Meanwhile, MensGroups, which runs men’s circles in London and online (for men to “get real”), has launched boys’ groups, hosting one-off talking circles for teen boys in schools, most recently at Wellington College, Berkshire. Similarly, the London-based social enterprise the Visionaries runs “Courageous Conversations” in schools for teenage boys and girls in separate circles.
All promise a safe space for teens to – woke alert – “feel heard”, without finger-wagging. “You can’t just clamp down and say [their behaviour] is wrong,” explains Conroy Harris, CEO of A Band of Brothers, a rehabilitative charity for young men. “Tell a kid not to put a bean up his nose and you’re in trouble.”
These circles are not intended to address serious mental health issues; they are for regular boys facing regular teenage concerns. In the case of MensGroups and the Visionaries, schools approach them to host circles, and sometimes on specific topics, such as harassment, consent, drugs, etc.
Thus far, Journeyman has set up groups wherever there has been parental demand and a willing supply of mentors; its growth is fuelled only by word of mouth and internet searches, and its leaders are keen to raise funds in order to go fully nationwide.
The circle itself is key – here, everyone is equal. As with men’s and women’s talking circles, these sessions are ritualised, with welcomes, check-ins and other “pre-flight checks” to ensure everything is safe for take-off into the juicy stuff. That either happens naturally, or is led by the facilitators. The boys readily volunteer “cool” topics: hating your parents, drugs, girls, etc. But the facilitators have ways of drawing out the harder stuff, such as sexuality and spirituality.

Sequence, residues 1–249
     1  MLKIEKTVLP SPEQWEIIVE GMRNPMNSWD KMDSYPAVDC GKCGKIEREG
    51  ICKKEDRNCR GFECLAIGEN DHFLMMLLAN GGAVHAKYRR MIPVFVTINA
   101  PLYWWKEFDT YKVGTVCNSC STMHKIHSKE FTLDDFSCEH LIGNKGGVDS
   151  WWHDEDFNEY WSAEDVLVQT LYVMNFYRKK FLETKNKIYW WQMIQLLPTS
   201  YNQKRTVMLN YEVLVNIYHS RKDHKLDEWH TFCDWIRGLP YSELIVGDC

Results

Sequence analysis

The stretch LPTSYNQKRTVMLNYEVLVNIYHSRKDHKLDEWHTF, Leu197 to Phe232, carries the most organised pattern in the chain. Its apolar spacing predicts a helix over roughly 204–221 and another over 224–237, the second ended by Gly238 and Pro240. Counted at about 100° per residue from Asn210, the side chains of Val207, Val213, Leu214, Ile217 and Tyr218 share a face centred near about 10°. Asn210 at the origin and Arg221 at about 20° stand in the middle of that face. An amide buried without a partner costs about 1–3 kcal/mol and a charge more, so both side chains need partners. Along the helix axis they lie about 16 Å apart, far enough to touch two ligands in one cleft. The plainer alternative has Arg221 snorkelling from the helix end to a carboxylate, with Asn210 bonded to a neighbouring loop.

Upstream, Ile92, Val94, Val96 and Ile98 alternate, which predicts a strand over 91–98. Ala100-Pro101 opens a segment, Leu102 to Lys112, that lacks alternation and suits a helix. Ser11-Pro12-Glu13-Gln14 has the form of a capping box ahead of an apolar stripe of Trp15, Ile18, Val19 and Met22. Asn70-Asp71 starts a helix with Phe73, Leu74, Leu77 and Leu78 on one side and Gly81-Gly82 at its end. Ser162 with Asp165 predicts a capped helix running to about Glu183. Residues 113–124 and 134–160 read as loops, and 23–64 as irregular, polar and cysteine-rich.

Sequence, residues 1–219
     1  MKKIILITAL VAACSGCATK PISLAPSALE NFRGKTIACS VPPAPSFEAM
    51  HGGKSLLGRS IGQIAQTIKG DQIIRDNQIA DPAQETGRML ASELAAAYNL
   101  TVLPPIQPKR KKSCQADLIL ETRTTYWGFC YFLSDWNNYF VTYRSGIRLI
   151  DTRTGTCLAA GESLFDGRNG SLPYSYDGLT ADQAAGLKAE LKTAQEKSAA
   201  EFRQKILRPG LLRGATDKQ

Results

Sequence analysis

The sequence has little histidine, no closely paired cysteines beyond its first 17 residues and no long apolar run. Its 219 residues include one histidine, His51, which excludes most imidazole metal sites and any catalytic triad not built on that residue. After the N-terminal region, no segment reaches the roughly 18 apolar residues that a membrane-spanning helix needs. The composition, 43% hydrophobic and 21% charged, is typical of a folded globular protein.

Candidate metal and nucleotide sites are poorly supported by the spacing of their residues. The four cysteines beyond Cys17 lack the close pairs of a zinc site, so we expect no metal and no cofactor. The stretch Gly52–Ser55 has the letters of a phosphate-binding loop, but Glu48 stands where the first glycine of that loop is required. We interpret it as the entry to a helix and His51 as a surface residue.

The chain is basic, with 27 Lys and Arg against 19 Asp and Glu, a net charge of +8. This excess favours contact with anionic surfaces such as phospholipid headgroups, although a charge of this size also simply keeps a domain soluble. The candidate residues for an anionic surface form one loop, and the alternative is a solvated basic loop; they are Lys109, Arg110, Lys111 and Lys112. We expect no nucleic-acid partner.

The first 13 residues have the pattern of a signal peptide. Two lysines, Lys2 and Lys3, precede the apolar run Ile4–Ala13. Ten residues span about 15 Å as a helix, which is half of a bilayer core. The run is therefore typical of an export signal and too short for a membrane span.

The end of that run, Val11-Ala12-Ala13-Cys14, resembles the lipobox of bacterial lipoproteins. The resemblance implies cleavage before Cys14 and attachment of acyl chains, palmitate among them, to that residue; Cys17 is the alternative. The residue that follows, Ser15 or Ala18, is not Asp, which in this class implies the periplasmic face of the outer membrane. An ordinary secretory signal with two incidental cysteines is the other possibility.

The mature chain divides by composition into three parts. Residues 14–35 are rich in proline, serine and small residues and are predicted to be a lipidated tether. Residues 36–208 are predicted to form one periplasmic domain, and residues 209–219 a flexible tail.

“That comes through modelling,” Harney explains. “Or we might say, ‘You know, we haven’t talked about X for a while.’” At Journeyman, the boys may have been meeting for months if not years, and have learnt to trust the safe space. They can also ask for a “walk and talk”, still in sight of the circle, but with a bit more privacy.
With MensGroups, the one-hour sessions dive in quickly with questions such as: “When did you last cry?” and, “What is your greatest fear right now?” (Warning: do not try this at home.) All participants are allowed to pass on any question, and often do.
They may well sit in silence for minutes – some might remain silent throughout, but they’ll have at least heard others sharing. The adults encourage the boys with their own admissions – once one or two boys open up, others find it easier to be vulnerable. Sessions are then carefully closed to bring everyone back to reality.
Some say the experience is life-changing. Three years ago, Archie Brooks, now 19, found himself in “a really bad situation” with alcohol. He couldn’t tell his parents for fear of “being judged”, so he tried AA, substance abuse therapy, art therapy… “Nothing worked until I started going to Journeyman,” he says.
Originally Appeared Here